Processed frozen food manufacturer Irvin & Johnson (I&J) has come out victorious in a case where they were accused of cartel conduct by the Competition Commission in 2017.
The commission alleged that I&J and beef processing company Karan Beef had participated in a cartel to divide markets, by entering into a manufacturing agreement in 2000 and a subsequent amended agreement in 2002, in contravention of the Competition Act.
Karan Beef agreed to pay an administrative fine of R2.7m while I&J denied the allegations and opted to take the matter to the Competition Tribunal for litigation.
The commission had accused I&J and Karan Beef of allegedly dividing markets in the supply of processed beef products such as beef burger patties, steak sizzlers, crumbed beef steaklets, viennas and boerewors.
The tribunal dismissed the case due to lack of evidence and said the burden of proof lay with the commission.
“No evidence was put up by the commission that the agreements impacted adversely on competition in any segment of the market, such as increased prices to customers or improved volumes for I&J-owned brands,” the tribunal said in its finding.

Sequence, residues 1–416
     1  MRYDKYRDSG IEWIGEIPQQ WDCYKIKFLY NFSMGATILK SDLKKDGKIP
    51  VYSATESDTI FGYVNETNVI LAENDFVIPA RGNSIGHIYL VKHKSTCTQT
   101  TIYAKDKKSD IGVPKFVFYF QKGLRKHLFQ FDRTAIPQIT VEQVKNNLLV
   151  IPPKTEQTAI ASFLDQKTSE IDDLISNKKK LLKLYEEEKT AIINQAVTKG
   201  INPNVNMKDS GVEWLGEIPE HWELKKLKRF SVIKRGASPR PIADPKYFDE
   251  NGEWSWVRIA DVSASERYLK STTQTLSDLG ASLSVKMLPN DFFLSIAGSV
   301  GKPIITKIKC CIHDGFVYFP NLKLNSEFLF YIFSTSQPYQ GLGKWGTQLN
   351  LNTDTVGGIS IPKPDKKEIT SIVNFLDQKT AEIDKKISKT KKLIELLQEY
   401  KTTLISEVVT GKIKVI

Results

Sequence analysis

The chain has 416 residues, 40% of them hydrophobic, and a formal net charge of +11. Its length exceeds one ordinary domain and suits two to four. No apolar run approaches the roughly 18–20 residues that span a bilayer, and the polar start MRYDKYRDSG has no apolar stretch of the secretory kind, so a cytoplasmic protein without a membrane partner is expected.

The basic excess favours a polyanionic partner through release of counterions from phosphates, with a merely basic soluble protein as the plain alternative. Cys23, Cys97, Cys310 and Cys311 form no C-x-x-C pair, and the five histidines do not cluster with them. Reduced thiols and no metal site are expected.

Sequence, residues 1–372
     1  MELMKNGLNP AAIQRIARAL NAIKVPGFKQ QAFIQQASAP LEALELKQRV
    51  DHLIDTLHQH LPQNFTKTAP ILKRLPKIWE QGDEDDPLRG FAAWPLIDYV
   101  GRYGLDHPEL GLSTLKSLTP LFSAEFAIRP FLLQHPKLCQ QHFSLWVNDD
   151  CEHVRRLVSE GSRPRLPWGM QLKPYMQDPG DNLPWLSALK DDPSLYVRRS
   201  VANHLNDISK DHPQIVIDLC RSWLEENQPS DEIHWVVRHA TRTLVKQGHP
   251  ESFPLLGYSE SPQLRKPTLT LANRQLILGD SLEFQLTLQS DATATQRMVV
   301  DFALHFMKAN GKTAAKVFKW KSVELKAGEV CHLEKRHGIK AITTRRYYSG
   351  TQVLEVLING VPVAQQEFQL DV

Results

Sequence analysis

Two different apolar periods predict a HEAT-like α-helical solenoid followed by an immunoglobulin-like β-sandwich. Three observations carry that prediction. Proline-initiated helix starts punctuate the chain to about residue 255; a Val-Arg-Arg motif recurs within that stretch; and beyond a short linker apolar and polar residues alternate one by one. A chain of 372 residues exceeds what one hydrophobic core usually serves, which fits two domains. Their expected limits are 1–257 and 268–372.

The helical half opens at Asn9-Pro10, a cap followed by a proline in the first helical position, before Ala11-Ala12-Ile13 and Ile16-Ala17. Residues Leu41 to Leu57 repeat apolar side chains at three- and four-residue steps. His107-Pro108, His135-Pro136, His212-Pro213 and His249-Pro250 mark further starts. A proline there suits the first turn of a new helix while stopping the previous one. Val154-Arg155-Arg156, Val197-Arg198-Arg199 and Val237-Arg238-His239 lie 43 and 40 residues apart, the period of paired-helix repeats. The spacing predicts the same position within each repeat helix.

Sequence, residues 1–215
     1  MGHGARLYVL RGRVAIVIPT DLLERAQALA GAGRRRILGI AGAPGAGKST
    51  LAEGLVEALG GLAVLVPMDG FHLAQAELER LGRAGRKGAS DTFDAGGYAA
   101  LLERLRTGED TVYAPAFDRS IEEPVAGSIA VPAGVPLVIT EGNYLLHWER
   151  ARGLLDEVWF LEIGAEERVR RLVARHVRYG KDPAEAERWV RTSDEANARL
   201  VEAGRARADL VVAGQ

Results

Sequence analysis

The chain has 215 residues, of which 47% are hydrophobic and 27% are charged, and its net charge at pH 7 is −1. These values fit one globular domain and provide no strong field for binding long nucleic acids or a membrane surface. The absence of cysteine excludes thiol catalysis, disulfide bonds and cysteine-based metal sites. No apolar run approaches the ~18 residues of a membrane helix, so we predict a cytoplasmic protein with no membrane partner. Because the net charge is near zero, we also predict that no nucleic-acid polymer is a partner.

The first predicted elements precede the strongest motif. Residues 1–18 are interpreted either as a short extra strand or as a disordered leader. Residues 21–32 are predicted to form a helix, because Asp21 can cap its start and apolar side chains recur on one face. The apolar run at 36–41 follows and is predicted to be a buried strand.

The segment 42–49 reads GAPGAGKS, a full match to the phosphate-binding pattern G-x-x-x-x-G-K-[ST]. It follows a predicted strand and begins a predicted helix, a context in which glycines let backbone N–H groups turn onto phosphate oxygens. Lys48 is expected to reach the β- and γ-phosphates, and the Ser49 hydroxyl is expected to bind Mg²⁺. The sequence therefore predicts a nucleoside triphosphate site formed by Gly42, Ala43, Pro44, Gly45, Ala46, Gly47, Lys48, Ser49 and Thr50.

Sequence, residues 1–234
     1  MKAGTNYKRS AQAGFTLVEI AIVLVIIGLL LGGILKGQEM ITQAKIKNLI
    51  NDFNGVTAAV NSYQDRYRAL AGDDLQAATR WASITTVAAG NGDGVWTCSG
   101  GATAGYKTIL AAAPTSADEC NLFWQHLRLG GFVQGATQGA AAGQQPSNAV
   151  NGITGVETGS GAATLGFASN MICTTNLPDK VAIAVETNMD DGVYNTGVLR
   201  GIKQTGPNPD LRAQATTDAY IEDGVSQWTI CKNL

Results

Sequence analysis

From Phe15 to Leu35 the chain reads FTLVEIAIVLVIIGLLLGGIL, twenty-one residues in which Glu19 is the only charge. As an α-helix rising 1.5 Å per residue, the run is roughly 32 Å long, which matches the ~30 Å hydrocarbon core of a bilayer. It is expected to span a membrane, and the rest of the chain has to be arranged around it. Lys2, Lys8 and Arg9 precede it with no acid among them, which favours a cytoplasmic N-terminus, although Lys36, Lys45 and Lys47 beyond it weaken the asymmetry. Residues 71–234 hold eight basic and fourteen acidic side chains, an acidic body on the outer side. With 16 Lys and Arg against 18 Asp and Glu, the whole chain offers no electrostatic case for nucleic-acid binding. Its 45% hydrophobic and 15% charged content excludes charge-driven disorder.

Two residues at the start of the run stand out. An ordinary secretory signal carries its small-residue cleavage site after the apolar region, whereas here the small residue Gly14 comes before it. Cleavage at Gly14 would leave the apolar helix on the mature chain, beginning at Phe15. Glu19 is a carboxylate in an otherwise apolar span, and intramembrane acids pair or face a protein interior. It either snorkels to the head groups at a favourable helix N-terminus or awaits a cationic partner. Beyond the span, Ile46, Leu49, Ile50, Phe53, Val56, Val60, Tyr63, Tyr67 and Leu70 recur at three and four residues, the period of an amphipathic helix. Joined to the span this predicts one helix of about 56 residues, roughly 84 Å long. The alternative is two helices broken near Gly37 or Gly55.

The tribunal said the conduct of I&J and Karan Beef also did not accord with that usually associated with cartels such as secretive arrangements or meetings.
“On the contrary, at some point of the first two years, the products were jointly branded, with the Karan logo depicted on the I&J product. Hence, customers and the public alike were aware of this.”
The tribunal said the manufacturing agreement, assessed in its context and purpose, did not contravene the Competition Act.
In reaching its decision in this matter, the tribunal emphasized that “cartel conduct is considered to be the most egregious and harmful to competition and consumers alike and must be treated with the appropriate attention and sanction by competition agencies.” However, the tribunal said, the priority given to the combating of the cartel conduct must be balanced against the edicts of procedural fairness norms and the constitution.
The tribunal concluded that the commission bore the burden to prove, on a balance of probabilities, that there was a contravention of the Competition Act.
“In the tribunal’s view, the commission has failed to discharge its burden of proving that the manufacturing agreement and the subsequent amending agreement resulted in the division of markets between two competitors as contemplated,” the tribunal said.
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